November 11

Why we switched from fluent-bit to Fluentd in 2 hours

The Story:

We had a hell of the week here at PrometheusKube. A weird outage caused it:
Somehow for a single node, we completely stopped shipping application logs in production.

Problem

It's Tuesday morning. We receive a message from Developer that we are missing some of the logs in production. Strangely enough, it appears that logs only from a single node are missing.

We use fluent-bit to ship logs. It's been okay at doing that for more than three years:
We upgraded it more than once, and it's always been a great experience.

Fluent-bit has many advantages:

  • high performance;
  • has a small resource footprint;
  • the configuration format is simple.

Who could ask for anything more?

But we have this utterly awkward issue. And we need to fix it now. Investigating Fluent-bit's logs showed that Elasticsearch is failing to accept some requests. We see this weird error:

{"reason":"rejected execution of processing of [1467813202][indices:data/write/bulk[s][p]]: request: BulkShardRequest [[index-2020.11.11][0]] containing [2434] requests, target allocation id: 3wVc6ZYQSPOGobyFfMFL9g, primary term: 1 on EsThreadPoolExecutor[name = name-logs/write, queue capacity = 200, [email protected]c64ef2[Running, pool size = 2, active threads = 2, queued tasks = 206, completed tasks = 596177059]]"}}}

This error means that Elasticsearch doesn't have enough threads to handle the request. It turns out this thread queue capacity argument is not configurable. What we tried instead is to add more CPU power to virtual machines running Elasticsearch.

After rolling Elasticsearch, it turns out that this was a red herring. But at least we didn't have this error anymore. We verified that this issue is happening by looking at fluent-bit metrics for that node. 

Picture that shows that fluent-bit produces no logs

Additionally, we looked at one noisy pod, which was running on the affected node. Then we compared logs with Elasticsearch: most of the records are missing.

Guessing Game

Next came a bit of guessing what to do next. It's one of the most annoying bugs we saw. The software is entirely silent on the error, yet it doesn't do what it's supposed to do.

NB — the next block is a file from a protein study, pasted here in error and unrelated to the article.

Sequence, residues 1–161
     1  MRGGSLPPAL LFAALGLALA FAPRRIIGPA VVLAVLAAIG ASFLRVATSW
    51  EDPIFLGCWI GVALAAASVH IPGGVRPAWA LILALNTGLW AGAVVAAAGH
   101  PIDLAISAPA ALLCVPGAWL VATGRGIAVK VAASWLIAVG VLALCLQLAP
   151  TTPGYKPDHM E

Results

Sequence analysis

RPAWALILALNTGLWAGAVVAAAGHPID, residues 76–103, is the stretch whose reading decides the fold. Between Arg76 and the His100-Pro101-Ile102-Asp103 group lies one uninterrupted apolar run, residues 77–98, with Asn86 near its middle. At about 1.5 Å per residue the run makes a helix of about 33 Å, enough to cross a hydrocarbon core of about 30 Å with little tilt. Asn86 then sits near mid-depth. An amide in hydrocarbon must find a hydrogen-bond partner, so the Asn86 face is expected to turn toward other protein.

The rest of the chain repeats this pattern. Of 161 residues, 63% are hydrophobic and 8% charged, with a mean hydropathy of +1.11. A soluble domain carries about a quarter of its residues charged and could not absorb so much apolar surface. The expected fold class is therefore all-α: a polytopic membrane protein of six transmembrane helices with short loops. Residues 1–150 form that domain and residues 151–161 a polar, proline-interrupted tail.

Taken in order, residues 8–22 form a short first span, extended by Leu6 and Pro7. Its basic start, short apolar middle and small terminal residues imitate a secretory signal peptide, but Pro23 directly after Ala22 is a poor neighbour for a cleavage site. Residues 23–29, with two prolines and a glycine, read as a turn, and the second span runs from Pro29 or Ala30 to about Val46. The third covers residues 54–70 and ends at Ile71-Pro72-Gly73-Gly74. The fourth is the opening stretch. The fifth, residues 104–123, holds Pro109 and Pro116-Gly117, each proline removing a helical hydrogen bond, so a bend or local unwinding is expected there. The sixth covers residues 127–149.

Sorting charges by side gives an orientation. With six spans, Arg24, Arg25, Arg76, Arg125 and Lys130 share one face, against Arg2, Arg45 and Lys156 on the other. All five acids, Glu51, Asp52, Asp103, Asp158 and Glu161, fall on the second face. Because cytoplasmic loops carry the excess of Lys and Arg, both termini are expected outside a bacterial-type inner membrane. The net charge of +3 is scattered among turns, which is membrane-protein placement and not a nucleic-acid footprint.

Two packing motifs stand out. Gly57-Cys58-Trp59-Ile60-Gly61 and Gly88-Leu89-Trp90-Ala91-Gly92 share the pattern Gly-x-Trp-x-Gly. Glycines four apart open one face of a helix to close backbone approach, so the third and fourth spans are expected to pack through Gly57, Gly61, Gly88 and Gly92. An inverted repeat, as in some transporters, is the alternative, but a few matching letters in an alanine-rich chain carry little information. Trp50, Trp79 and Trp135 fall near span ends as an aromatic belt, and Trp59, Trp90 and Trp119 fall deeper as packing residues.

We tried various changes:

  • rolling back minor versions;
  • upgrading to the latest version;
  • changing various configuration parameters.


Nothing helped.

We tried to look into Fluent-bit's metrics, but nothing stands out.

The most significant aha moment for us was - turning on debug logging. After the initial sync, the affected fluent-bit instance would stop logging actions while other nodes would log a lot. The cause of the issue might be some deadlock in the code or some error wholly ignored. The bug seems to be in this code base for a while now.

We found this #2416 Github issue. This issue states a similar situation but has no solution for it. So it wasn't helpful. But at least we know we are not alone.

We need to do something

It is now clear that we are not going to fix this bug in the fluent-bit. We looked at alternative log shipping solutions. There are many options, but we decided the next best action is to rollout Fluentd instead.

We started to develop a Fluentd deployment configuration. After many iterations, we had something that didn't crash loop and seems to do the trick. It's impressive how Kubernetes allows you to iterate on deploying new software quickly.

The next step is to deploy Fluentd. We thought of an excellent way to test it:

The best way to deploy Fluentd is to do that only on the affected node. This way, we can do a slow-rolling deployment. We add Fluentd on one node and then remove fluent-bit. Node by node, we slowly release it everywhere. To do this, we used the Kubernetes node affinity feature. And to remove fluent-bit, we used the anti-affinity feature.